Oil addiction needs a long-term solution and short-term relief

In his State of the Union message, President Bush starkly and accurately called the nation’s dependence on oil an “addiction.” But while the president took at least the first step toward a cure by acknowledging the problem, Congress has done little to follow suit.

In his State of the Union message, President Bush starkly and accurately called the nation’s dependence on oil an “addiction.” But while the president took at least the first step toward a cure by acknowledging the problem, Congress has done little to follow suit.

The word “addiction” should be instructive: One can’t remedy an addiction by trying to get more of the addicting substance or by focusing exclusively on long-range plans that enable the addiction, with all its attendant dangers, to continue for the foreseeable future. Yet the House has voted only on misguided attempts to open new areas to oil drilling and on long-range research since gasoline hit $3 a gallon.

Meanwhile, our addiction not only continues to raise costs for our constituents, it threatens our national security. Our addiction makes us subject to the whims, plotting and unstable politics of foreign regimes, puts our economy at risk over time as worldwide demand rises, and worsens our balance of trade.

So it’s imperative that we find ways to limit our demand for oil. Dealing with domestic supply can provide only very limited, short-term relief, often at a very high environmental cost. Demand is the primary problem, and demand is where we must direct our solutions.

And if we’re going to address demand, transportation is the place to look for savings. About 60 percent of the oil consumed daily by Americans is used for transportation, and about 45 percent is used for passenger cars and light trucks.

So what can we do? Clearly, relying on the marketplace isn’t working, and it won’t be sufficient even at current prices. That’s because while, as a society, we all want to limit fuel consumption significantly, as individual car buyers we also want our vehicles to have other attributes. So if I want an SUV — and I drive one — and automakers choose not to put a fuel-efficient one on the market, there’s nothing I can do as an individual consumer to signal my disappointment. This is a classic market failure. The government has to act.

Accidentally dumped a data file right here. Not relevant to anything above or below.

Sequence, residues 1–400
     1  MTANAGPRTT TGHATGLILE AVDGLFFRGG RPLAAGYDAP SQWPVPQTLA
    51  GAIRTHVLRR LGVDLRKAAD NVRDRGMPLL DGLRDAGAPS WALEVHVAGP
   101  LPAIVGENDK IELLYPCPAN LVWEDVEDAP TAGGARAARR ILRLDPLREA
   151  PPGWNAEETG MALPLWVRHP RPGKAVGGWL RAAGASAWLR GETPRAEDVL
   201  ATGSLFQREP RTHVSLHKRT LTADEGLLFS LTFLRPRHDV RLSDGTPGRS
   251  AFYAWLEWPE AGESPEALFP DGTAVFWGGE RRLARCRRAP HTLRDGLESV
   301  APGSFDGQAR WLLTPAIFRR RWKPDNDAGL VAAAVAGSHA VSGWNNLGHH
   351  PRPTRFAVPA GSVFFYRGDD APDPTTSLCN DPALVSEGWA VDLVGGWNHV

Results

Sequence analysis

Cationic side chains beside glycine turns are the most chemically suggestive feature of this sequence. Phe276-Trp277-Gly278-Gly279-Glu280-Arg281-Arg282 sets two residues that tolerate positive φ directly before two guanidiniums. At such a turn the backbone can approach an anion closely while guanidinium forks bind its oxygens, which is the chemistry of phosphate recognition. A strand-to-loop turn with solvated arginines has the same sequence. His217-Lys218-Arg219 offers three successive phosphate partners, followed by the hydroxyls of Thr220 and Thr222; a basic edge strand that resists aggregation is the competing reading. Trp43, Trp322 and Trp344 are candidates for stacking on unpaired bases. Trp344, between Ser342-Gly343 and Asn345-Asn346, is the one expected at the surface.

And if Congress actually wants to reduce U.S. oil consumption — as opposed to just being interested in looking as if we want to cut consumption — then we can’t punt the issue to the administration. The Energy and Commerce Committee has reported out a bill that would give clearer authority to the administration to raise fuel-economy standards, but that bill is as much a way to avoid the issue as to address it.

If we just give the administration authority, we know what will happen. We will get a long rulemaking process that produces tepid results. Our politically appealing call for strong and immediate action will be met with the faint echo of weak results over a protracted time period. That’s what happened in the recent administration rulemaking for light trucks.

If Congress wants to do something, then Congress needs to use its constitutional policymaking authority and take action. We should raise fuel-economy standards to 33 miles per gallon by 2015. That’s not a number plucked out of thin air. That’s a carefully calculated number using the methodology laid out by the National Academy of Sciences in its report on fuel economy. And that number was calculated assuming gasoline at about $2 a gallon; the number would be higher at current prices.

We could raise the standards while reforming the fuel-economy rules, as the administration has suggested, so that different standards could be set for each different vehicle size — as long as the average for the entire light-vehicle fleet were required to increase to 33 miles per gallon from the current 25.

And requiring higher fuel economy would not reduce safety. The National Academy report clearly stated that, written properly, fuel-economy standards can be tightened “without degradation of safety.” Newer technology makes it possible to increase fuel economy without reducing vehicle weight, as even a representative of the auto industry acknowledged at a Science Committee hearing.

Moreover, unlike new oil wells, which get depleted over time, the oil savings from fuel economy only accrue.

So we in Congress have a very clear choice. We can take largely symbolic action and sit back and fiddle while Americans burn more gasoline, or we can pass concrete, effective legislation that will save consumers money while significantly reducing U.S. oil consumption. It ought to be obvious which choice to make.

Boehlert is the chairman of the House Committee on Science.